The film then cuts to a wide shot of Laura brushing her hair who hears a noise but does not pay attention to it. She then walks over to her radio and turns it on to hear Waldo’s broadcast. Another cut is made which shows Waldo opening the clock. His voice can be heard in the room he is occupying which startles him. His broadcast begins to narrate this scene. The film cuts to Laura again brushing her hair. Now, a low angle shot can be seen of Waldo as he rises and loads the gun. The film then shows the exterior of the building where McPherson and his partner are.

They realize that Waldo is in the building and run inside. During this time, the film focuses back on Waldo and Laura. In a wide shot we can see Laura brushing her hair. Silently, Waldo enter on screen left without Laura realizing until he speaks. As they exchange dialogue, McPherson and his partner can be seen in the hallway trying to get into the apartment. We then see a close up Waldo as he raises the gun and points it at Laura. She runs towards the door. Waldo shoots but she misdirects the shot and continues running. McPherson and his partner then open the other door leading into Laura’s apartment.

They run into the living room and McPherson’s partner quickly fires his gun at Waldo. This is followed by a medium shot of Waldo who shoots back but misses. Because he was hit, he falls to the ground. As he calls for Laura, the camera pans back to Laura and McPherson who run in his direction. Still in the same shot, the camera begins to zoom in on a destroyed and linger there for a time. It is in this moment, we can hear Waldo utter his last words, “Goodbye Laura, Goodbye, my love”. The film then dissolves into a shot of Laura’s portrait and the credits roll.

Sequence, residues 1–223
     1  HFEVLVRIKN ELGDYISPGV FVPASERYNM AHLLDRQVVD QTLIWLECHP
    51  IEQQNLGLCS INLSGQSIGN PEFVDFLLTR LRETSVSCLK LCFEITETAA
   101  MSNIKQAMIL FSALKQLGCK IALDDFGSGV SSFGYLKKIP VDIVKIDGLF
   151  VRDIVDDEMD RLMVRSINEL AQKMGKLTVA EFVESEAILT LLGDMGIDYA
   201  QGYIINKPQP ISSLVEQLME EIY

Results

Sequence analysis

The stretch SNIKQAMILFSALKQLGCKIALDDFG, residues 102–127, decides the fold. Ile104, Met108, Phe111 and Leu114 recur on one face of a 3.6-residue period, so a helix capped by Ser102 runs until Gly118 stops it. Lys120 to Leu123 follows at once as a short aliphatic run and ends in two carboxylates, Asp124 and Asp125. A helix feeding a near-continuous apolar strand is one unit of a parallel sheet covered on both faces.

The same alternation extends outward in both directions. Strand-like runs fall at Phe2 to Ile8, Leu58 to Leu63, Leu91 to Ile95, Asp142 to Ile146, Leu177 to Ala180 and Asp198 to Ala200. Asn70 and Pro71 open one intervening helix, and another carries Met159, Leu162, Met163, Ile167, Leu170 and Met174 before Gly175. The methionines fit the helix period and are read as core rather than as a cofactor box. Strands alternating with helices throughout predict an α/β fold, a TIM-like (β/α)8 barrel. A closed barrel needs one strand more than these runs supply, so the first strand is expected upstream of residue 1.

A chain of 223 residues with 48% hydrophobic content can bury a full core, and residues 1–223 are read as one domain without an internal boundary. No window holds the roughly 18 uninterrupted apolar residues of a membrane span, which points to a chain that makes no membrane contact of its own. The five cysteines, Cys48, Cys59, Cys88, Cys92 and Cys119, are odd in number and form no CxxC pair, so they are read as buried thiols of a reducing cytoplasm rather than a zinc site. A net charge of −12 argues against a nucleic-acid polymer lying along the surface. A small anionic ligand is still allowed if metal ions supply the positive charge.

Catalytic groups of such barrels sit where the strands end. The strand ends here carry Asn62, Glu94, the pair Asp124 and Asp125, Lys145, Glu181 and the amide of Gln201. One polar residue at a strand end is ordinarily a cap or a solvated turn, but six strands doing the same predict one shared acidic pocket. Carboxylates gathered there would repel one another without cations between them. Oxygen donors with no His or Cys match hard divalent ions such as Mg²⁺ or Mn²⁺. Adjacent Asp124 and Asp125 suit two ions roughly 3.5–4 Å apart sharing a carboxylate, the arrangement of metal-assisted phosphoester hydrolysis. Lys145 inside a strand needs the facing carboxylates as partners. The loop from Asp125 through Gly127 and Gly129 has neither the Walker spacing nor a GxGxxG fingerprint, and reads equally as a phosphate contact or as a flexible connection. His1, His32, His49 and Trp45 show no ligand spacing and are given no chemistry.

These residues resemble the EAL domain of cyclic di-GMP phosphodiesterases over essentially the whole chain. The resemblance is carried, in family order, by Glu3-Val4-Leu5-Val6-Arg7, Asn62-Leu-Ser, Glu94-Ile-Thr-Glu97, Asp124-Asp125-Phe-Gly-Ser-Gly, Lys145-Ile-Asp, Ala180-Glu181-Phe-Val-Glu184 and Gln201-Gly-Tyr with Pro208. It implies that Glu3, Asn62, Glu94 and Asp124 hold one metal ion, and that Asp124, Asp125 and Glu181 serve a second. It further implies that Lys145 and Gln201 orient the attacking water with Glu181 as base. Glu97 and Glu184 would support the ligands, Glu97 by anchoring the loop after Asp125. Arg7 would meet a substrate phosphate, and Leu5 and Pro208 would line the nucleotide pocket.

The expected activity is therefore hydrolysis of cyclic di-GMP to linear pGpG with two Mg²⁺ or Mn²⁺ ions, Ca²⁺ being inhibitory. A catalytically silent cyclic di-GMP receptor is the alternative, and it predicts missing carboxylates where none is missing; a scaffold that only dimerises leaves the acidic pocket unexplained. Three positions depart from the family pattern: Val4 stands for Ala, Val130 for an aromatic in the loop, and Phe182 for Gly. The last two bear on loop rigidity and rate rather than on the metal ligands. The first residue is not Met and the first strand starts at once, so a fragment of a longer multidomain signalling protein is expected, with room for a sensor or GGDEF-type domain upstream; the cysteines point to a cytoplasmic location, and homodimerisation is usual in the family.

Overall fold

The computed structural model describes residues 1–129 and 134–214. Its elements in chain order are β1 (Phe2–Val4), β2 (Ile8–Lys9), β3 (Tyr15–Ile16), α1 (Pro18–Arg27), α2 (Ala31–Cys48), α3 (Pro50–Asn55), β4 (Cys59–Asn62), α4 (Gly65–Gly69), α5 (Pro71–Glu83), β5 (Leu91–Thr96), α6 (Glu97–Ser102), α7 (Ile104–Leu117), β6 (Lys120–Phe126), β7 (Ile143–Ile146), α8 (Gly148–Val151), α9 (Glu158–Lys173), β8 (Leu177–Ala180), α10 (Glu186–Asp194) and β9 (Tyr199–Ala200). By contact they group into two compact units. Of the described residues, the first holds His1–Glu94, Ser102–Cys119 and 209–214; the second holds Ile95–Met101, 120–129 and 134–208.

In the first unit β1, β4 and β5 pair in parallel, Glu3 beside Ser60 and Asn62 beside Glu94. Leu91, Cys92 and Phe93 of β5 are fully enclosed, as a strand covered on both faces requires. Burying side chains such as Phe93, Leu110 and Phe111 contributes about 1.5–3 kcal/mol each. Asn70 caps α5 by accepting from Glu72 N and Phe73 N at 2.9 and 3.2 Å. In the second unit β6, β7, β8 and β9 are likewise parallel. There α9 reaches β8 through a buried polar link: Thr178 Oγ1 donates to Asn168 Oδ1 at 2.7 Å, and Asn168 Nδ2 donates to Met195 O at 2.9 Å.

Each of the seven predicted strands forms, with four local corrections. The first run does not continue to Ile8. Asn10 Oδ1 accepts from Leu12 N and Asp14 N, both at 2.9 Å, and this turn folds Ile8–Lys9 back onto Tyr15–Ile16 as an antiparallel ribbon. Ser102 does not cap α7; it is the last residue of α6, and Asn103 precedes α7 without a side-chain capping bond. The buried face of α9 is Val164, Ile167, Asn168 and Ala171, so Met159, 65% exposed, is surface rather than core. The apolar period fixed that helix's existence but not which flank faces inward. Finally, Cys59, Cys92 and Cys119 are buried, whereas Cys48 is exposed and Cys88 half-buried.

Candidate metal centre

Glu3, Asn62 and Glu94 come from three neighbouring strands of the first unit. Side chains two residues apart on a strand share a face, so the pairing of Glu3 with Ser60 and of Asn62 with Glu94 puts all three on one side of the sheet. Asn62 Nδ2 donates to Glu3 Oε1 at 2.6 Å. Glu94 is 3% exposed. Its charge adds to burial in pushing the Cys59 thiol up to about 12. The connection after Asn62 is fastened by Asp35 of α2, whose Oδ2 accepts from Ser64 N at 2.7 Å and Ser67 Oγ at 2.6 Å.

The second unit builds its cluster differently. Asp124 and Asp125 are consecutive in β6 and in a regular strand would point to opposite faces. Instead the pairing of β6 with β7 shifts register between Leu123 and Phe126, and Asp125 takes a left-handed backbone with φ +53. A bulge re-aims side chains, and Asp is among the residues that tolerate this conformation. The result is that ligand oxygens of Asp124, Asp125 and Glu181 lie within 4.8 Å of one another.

This is a very powerful scene. Preminger uses the technique of cross-cutting during this sequence which is not used at any other point in the film. This allows the viewer to see two different lines of action occurring simultaneously. This use of spatial editing heightens the drama and suspense we as the viewer’s feel when watching. While viewing these two separate lines of actions, we are always wondering if they will ever connect. For example when we see Waldo pointing a gun at Laura juxtaposed with McPherson trying to open the door, we are held in suspense.

If they never connect, Waldo would have probably been able to kill Laura because McPherson would not be there to stop him. Another way in which the sequence stood out was from the temporal relations between each shot. The shots began decreasing in size, some lasting only a few seconds. This speeds up the tempo of the film. The faster tempo emphasizes each action and heightens our excitement. All of these elements made this final scene of the film thrilling. These editing effects were not seen in the rest of the film. Prior to this, the tempo of the film seemed average.

It was not slow nor was it fast. It was moderate. The scenes were similar in length which added to this effect. Therefore, this sudden change of tempo in the last few minutes of the film was exciting to see. We never saw more than two line of action because all of the characters were usually together. McPherson was in most of the scenes, so we mainly followed him. It is interesting to think what the ending would be like had it stayed true to the rest of the film pertaining to editing style. I do not think it would be as powerful and effective as it was.